Beaming at Timpanogos




Dr. Doug and Vera Nielson built this French hunting lodge in Heber Valley after Doug retired as a neurosurgeon in Provo. The home was designed to showcase the animals Doug has hunted during his travels around the globe. Euclid Timber Frames designed and installed the beams used in this great room and throughout the home.


By Jeanette W. Bennett

Dr. Doug and Vera Nielson spent more than a decade in a Victorian home in the Provo riverbottoms. Doug’s hunting trophies from his storied travels around the globe were crowded into a tiny bedroom.

“We had to make a choice,” he says. “If we were going to keep the animals, we had an improbable arrangement. It felt like a forest in that small room with all the animals.”

The couple chose to build a showcase home for their animals, furniture and memories. After searching for the ideal location throughout Utah Valley, they found themselves looking in their hometown of Heber Valley.

“Two of my favorite things up here are that at night it is quiet and dark,” Doug says. “We’ve seen Mars as red as it could be without the city lights.”

Although the Nielsons knew they wanted a post-and-beam look, they did not want a cabin atmosphere. This was difficult to convey to architects and builders until Doug referred to his future home as a French hunting lodge.

“That flipped the right switch for them,” Doug says.

The home was complicated to build because it has so few right angles — and very few standard 45 degree angles.

“The construction guys were wonderful to work with and took pride in this project,” Doug says. “Many of them brought their families to see the home when it was in the Park City Showcase of Homes.”

Midway Construction, under the direction of Jeff Hill, completed the home, which is the first home the Nielsons have had built for them. Euclid Timber Frames provided the post and beam design and construction.

The year-long building process was completed two years ago, and the couple moved into their Heber City dream home just after it was part of the Park City Showcase of Homes.

“We only had three days to move in furniture for the Showcase,” Vera says of the exhausting home stretch. “Building this house was a full-time job.”

Doug and Vera enjoyed the educational aspects of building their home. Doug can still rattle off specific details; for example, the structural beams took three days to place and his home site was six inches from bedrock.

“It’s amazing the amount of time we spent making decisions about the home and being onsite,” he says.

Doug and Vera decided to build this home after he retired as a neurosurgeon in Provo.

“The question I ask myself now is, ‘How did I ever have time to go to work?’” Doug says. “Now that I’m retired, my life is very full and I realize I neglected a lot of things during my working years. We are in such a good place in our lives now.”  _view-of-timp

“After a big snow storm, the view from our windows looks like a Christmas postcard,” Doug says. “The view of Timpanogos is what brought us up here.” The Nielsons wrestled with the architects on the size of the windows. “We wanted to utilize windows to frame the natural art outside, but technically big windows can be a real problem.”back-of-house-full-view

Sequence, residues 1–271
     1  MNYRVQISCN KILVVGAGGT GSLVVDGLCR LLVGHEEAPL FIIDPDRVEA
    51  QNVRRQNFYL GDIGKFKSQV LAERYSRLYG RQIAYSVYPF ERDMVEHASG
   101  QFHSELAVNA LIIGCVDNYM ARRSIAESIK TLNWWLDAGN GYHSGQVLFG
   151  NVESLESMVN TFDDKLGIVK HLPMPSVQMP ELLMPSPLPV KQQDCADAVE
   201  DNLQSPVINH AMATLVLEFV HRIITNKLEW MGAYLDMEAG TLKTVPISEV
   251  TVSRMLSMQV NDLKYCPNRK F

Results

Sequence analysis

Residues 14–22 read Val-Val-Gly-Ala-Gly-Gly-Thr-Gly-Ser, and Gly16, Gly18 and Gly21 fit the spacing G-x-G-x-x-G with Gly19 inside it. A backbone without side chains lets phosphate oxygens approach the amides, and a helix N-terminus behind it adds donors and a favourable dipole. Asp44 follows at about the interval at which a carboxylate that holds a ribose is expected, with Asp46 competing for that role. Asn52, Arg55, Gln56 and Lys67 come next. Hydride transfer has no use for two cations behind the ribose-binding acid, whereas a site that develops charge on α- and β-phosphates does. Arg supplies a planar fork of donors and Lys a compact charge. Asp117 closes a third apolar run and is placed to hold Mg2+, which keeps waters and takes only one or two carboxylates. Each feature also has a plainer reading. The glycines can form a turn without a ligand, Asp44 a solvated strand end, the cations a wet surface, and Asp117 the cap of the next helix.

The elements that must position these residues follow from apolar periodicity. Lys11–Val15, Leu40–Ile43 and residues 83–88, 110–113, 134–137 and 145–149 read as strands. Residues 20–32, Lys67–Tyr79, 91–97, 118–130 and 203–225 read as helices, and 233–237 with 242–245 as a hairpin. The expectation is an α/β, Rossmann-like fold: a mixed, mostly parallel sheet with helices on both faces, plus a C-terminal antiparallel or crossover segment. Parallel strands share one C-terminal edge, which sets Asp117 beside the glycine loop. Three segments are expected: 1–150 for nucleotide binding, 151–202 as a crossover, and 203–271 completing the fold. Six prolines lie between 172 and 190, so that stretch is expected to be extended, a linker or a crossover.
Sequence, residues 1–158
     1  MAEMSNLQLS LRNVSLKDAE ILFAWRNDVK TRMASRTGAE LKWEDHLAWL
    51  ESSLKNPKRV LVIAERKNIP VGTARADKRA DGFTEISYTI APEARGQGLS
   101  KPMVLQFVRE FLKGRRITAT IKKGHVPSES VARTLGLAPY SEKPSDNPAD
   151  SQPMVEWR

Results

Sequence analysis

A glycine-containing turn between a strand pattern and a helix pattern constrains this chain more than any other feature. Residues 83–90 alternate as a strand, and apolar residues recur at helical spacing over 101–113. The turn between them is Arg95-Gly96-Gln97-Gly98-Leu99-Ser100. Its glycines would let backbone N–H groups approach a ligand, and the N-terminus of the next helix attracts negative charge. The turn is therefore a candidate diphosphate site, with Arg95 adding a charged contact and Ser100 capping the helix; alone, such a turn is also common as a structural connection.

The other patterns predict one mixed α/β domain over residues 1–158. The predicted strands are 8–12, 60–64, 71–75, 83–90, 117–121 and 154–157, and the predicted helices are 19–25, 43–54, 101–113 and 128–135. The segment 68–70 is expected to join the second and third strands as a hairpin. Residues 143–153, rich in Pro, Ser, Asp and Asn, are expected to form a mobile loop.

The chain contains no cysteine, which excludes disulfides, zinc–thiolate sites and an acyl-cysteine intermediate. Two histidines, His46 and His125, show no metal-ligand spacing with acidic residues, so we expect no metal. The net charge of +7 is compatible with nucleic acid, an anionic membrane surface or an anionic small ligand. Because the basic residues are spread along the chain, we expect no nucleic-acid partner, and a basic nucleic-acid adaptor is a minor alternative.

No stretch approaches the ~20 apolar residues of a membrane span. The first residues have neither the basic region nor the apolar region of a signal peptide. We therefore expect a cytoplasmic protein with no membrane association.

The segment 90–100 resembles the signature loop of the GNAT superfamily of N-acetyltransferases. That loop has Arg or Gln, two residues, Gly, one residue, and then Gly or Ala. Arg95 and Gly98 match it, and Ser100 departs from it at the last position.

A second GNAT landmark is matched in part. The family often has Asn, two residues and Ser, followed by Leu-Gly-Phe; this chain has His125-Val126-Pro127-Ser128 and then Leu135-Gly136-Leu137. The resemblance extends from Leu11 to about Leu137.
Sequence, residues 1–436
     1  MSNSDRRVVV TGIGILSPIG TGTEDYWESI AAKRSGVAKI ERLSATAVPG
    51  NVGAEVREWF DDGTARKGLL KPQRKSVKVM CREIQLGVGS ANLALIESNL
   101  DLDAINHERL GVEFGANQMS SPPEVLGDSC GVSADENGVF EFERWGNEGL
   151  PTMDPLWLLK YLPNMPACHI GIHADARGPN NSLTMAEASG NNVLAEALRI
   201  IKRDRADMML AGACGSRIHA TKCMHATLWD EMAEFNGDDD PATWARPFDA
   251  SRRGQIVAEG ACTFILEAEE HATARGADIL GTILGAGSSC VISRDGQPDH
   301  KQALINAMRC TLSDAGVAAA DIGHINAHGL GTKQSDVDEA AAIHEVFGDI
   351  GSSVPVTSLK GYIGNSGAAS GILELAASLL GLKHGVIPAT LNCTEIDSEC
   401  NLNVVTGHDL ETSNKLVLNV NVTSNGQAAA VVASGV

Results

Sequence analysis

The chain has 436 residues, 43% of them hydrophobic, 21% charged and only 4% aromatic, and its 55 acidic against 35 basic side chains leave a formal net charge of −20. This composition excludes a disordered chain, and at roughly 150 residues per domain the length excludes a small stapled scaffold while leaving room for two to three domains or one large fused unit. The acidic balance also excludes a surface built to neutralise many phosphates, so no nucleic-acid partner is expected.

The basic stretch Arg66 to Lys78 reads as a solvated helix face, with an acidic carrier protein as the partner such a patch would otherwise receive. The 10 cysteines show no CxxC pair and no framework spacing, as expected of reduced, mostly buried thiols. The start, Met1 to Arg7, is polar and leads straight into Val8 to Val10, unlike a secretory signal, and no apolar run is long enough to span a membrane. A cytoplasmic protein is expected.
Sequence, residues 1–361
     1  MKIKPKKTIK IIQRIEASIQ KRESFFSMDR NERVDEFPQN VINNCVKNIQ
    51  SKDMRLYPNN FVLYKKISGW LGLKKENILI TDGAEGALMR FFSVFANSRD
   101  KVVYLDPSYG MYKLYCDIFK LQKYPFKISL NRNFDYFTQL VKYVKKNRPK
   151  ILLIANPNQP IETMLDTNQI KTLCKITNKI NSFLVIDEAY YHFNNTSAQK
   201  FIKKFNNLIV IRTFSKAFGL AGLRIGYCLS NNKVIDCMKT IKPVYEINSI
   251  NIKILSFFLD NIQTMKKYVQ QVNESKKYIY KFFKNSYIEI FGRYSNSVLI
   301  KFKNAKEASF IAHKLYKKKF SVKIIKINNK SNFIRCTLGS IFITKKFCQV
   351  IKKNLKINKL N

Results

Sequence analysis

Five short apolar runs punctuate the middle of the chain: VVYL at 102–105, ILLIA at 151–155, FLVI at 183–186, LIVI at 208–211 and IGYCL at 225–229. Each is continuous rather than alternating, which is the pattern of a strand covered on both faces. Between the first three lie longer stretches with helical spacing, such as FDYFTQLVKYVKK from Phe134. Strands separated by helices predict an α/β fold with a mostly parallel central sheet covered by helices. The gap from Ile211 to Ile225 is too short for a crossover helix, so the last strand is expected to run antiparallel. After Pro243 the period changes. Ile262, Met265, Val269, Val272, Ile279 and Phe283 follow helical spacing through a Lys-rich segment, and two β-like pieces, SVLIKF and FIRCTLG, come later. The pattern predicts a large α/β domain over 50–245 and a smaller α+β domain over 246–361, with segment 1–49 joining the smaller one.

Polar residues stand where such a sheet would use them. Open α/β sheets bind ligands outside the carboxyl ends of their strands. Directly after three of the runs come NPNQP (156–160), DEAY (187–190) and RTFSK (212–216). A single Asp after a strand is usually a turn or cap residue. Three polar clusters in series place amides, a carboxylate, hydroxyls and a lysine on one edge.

Three deer literally live in the Nielsons’ backyard. “They run and kick their heels up, and we enjoy watching them,” Doug says. As many as 30 elk pass through the 11-acre estate regularly. Doug grows several cactus plants on his balcony, pulling them inside during the winter. The Nielsons planted fescue grass, which is drought resistant. They use wildflowers as part of their landscape, which provides a “rage of color” throughout the year.


The couple’s master bedroom continues the post and beam theme of the Heber Valley home.


“Children love little places as long as they are lit,” Doug says. This “Indiana Jones” styled playroom is enjoyed by the Nielsons’ 10 grandchildren, who live in Midway, Washington, D.C., and Las Vegas


The couple’s loft library includes books from their worldwide travels as well as photo albums, medical journals and history books. Doug describes himself as having “intense curiosity” about many things.


The red sandstone used in the landscaping was mined in a quarry a mile from the Nielsons’ Heber Valley home. “We wanted to utilize the stones to make it look like we nestled into something that was already here,” Vera says.


Euclid Timber Frames worked with the Nielsons and Midway Construction to prepare and install wooden beams on both the exterior and interior of this Heber Valley home.


The Nielsons enjoy such movies as “Black Hawk Down” in their home theater. Doug says he enjoys all types of films, “except for chick flicks.”


The Nielsons were onsite nearly every day of the year-long construction process. The couple was heavily involved in seeing each stage completed to their satisfaction. The day the beams were installed it was 25 degrees below zero. “The Euclid Timber workers were so cold,” Vera says. The Nielsons have four binders of photographs detailing their home in progress.


Metal scrub oak leaves, patterned after the native vegetation on the property,  wind around the banister that overlooks the main floor.


Doug and Vera Nielson were both raised in Heber Valley but moved out of Utah for 22 years. In 1989, they returned to Provo where they lived for 13 years. In 2002, the retired couple built their French hunting lodge in Heber Valley.


Doug had this tile mosaic of the patron saint of hunting commissioned to be made with tile from Paris. The mosaic is part of the great room floor.



The wooden front door doubles as an art canvas that sets the stage for the museum-style home that awaits. “In Vera’s universe, she believes the cougar on our front door is admiring the beauty of the deer. In my view, the cougar is ready to leap on the deer,” Doug says.


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